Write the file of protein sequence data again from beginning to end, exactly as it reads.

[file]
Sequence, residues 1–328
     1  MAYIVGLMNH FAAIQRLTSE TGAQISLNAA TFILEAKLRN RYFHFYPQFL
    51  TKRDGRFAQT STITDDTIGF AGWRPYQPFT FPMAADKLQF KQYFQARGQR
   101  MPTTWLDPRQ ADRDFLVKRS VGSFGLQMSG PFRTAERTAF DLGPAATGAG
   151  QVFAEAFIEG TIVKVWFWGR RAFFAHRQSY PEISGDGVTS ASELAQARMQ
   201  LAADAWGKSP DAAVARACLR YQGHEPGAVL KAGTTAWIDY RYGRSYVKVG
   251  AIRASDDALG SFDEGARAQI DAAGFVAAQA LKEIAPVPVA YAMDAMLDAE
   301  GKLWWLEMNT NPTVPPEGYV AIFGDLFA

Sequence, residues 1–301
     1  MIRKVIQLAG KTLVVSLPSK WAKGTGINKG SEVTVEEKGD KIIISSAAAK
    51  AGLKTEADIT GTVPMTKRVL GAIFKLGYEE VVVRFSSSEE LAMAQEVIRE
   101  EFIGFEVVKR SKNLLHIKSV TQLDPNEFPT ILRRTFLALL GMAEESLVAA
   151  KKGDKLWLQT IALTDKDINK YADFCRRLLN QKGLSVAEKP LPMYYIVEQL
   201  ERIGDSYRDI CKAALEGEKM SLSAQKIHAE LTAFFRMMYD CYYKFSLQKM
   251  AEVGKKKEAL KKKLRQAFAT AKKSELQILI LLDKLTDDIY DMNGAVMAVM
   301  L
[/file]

Sequence, residues 1–328
     1  MAYIVGLMNH FAAIQRLTSE TGAQISLNAA TFILEAKLRN RYFHFYPQFL
    51  TKRDGRFAQT STITDDTIGF AGWRPYQPFT FPMAADKLQF KQYFQARGQR
   101  MPTTWLDPRQ ADRDFLVKRS VGSFGLQMSG PFRTAERTAF DLGPAATGAG
   151  QVFAEAFIEG TIVKVWFWGR RAFFAHRQSY PEISGDGVTS ASELAQARMQ
   201  LAADAWGKSP DAAVARACLR YQGHEPGAVL KAGTTAWIDY RYGRSYVKVG
   251  AIRASDDALG SFDEGARAQI DAAGFVAAQA LKEIAPVPVA YAMDAMLDAE
   301  GKLWWLEMNT NPTVPPEGYV AIFGDLFA

Sequence, residues 1–301
     1  MIRKVIQLAG KTLVVSLPSK WAKGTGINKG SEVTVEEKGD KIIISSAAAK
    51  AGLKTEADIT GTVPMTKRVL GAIFKLGYEE VVVRFSSSEE LAMAQEVIRE
   101  EFIGFEVVKR SKNLLHIKSV TQLDPNEFPT ILRRTFLALL GMAEESLVAA
   151  KKGDKLWLQT IALTDKDINK YADFCRRLLN QKGLSVAEKP LPMYYIVEQL
   201  ERIGDSYRDI CKAALEGEKM SLSAQKIHAE LTAFFRMMYD CYYKFSLQKM
   251  AEVGKKKEAL KKKLRQAFAT AKKSELQILI LLDKLTDDIY DMNGAVMAVM
   301  L